The second reason why you should not credential with a lot of insurance companies is that the administrative burden is exponentially more than if you start with 1 or 2 panels. One of the perennial problems that clinicians have in private practice is that they get overwhelmed by the amount there is to do when conducting clinical work and running a business.
Often, therapists go from just a therapist to a business owner and therapist. With that shift, there is a lot more to think about, and one of the first tasks that get piled on is dealing with insurance. This becomes exponential when dealing with multiple insurance companies. The reason why the work piles on more than you would think is because the insurance industry is not interconnected. With each insurance company that you deal with, you have to learn the culture and language of that insurance company.
There are few standard operating procedures that are consistent between insurance companies.
Because of the fractured reality of the insurance industry, the therapist in private practice that takes on more insurance panels than 2 is asking for more work than what it might be worth. Especially in the beginning stages of private practice, time translates to money, and working with a bunch of insurance companies may not be the best return on your time investment.
If you are farther down the road in private practice adding more panels might be the best strategic move, but taking on more than what you have time for may not be the best move.
The other option available is to outsource the credentialing and paneling of your panels if you are thinking about taking on a lot of panels, but you as the clinician are still going to be involved and might encounter headaches that you don't want by taking on a lot of panels.
The third reason why you should not credential with a lot of insurance companies is that credentialing with a high volume of insurance companies can take a significant amount of time and reduce or eliminate the benefit of paneling with insurance companies.
One of the key reasons that therapists panel with insurance companies is so they can diversify their revenue streams and build a practice a little quicker than just going the private pay route. However, if a clinician decides they want to credential with a significant amount of insurance companies they may reduce or eliminate the benefit of taking insurance.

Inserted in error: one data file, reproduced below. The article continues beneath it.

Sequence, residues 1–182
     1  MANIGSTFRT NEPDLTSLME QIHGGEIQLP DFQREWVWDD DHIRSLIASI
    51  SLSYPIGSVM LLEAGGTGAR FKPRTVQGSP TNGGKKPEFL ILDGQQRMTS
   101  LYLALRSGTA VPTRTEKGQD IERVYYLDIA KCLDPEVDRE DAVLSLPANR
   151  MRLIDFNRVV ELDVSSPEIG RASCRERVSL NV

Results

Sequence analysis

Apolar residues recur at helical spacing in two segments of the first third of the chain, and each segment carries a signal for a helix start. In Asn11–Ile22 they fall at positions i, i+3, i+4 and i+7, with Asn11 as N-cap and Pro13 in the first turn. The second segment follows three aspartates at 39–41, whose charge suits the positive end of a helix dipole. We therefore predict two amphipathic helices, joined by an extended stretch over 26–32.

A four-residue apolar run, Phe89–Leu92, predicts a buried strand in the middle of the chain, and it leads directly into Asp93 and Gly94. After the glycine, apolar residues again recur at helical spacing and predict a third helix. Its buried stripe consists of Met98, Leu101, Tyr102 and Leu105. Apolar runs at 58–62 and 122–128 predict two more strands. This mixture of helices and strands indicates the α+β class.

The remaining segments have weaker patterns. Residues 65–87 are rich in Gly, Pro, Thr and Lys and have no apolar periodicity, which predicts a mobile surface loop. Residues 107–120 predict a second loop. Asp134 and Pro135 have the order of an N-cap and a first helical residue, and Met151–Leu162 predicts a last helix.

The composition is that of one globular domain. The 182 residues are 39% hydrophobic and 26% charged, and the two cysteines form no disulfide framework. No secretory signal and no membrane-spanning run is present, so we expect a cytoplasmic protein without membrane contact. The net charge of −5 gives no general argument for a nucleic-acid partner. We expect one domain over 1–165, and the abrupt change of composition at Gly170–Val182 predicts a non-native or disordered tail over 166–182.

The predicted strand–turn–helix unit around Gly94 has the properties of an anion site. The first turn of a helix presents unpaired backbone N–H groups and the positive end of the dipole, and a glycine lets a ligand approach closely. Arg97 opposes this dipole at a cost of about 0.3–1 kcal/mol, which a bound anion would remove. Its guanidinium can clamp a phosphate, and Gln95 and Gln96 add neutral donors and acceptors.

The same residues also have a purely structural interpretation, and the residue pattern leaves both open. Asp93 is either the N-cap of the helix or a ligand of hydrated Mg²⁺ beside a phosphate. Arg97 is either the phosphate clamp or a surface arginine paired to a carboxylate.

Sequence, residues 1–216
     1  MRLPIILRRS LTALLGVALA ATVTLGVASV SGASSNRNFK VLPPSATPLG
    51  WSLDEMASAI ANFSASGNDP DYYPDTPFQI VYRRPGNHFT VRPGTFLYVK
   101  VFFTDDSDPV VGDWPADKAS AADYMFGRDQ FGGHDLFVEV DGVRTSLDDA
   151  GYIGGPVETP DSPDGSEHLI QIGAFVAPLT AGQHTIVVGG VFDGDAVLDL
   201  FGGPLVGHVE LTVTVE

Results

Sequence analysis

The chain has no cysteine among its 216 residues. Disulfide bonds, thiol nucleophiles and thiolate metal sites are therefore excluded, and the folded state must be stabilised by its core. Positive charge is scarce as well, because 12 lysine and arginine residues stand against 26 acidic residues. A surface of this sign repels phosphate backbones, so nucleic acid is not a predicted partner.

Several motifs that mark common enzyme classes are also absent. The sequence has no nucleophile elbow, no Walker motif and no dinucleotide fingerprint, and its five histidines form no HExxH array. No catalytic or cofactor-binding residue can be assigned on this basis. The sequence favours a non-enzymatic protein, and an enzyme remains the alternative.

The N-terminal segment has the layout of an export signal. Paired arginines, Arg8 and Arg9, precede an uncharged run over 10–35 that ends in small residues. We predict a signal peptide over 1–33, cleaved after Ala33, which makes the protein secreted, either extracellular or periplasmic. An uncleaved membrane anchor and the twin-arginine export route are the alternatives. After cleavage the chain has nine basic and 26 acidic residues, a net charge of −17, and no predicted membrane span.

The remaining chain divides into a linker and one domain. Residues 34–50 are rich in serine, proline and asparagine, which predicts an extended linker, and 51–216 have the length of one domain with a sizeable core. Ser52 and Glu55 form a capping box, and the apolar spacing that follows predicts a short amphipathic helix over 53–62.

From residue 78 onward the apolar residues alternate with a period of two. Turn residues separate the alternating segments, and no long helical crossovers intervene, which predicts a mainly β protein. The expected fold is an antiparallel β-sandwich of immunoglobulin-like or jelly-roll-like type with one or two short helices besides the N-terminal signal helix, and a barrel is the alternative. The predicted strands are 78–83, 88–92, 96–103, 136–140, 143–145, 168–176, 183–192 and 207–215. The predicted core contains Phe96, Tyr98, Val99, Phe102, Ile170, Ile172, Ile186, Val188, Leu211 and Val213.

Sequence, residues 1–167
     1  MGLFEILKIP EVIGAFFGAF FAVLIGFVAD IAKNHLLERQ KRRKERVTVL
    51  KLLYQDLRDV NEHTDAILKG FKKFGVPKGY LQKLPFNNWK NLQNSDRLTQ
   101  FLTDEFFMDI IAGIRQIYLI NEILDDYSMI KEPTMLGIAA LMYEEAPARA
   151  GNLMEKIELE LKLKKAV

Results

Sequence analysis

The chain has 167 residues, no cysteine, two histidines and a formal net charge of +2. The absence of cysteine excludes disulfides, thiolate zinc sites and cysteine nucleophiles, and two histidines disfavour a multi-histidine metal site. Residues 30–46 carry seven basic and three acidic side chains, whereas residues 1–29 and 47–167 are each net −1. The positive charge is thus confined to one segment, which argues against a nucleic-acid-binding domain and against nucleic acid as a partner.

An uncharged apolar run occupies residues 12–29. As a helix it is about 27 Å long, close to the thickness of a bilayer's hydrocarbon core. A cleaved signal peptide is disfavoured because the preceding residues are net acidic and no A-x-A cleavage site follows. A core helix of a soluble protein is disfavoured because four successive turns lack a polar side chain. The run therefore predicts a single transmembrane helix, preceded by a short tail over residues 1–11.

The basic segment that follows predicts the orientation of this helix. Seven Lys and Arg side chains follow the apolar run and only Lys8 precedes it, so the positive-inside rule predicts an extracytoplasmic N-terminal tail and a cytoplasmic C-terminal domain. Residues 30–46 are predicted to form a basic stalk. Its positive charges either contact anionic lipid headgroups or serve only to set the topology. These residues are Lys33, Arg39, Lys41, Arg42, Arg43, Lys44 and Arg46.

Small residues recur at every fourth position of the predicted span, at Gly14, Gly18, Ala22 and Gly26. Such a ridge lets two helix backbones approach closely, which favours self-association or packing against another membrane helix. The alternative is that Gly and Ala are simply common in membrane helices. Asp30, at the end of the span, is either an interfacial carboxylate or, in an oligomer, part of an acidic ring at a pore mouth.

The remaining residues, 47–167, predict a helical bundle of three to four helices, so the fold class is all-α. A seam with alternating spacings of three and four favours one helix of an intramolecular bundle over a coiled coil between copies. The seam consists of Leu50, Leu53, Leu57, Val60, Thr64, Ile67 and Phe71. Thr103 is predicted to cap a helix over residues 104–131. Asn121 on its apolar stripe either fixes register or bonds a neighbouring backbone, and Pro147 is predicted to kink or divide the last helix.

One of the variables that clinicians may not know when taking insurance is that for each insurance that they are paneled with there is a certain level of work that accompanies their in-network status. Some of the variables that a clinician has to consider when taking insurance are:
Knowing and understanding the contract
Knowing and understanding the contracted rates
Non-covered services as they relate to mental health services
Out-of-Network changes for clients
Knowing insurance representatives in case contractual issues arise
These are just some of the variables that a clinician should have at least a cursory knowledge of, but when you add 5, 10, or 15 panels to practice, the burden of knowing these variables becomes significant and can take quite a turn for the worse in terms of a clinician's schedule.
It could become less advantageous for your time to take on this many panels instead of sticking with your top two or three insurance panels.
Conclusion: Of course, one of the goals that many therapists have when they go into private practice is to serve as many people as possible. This is quite a noble objective and one that the Practice Solutions Team aggressively supports. Our recommendation based on working with hundreds of practices across the country is that the practices that are the most successful grow slowly by taking a few insurance panels and growing to take more as you grow your team.
We want to do everything that we can to support your practice and ensuring that you can meet your organizational objectives. If you have any questions or concerns about taking insurance panels don't hesitate to reach out and we would be more than happy to talk to you about any questions that you might have!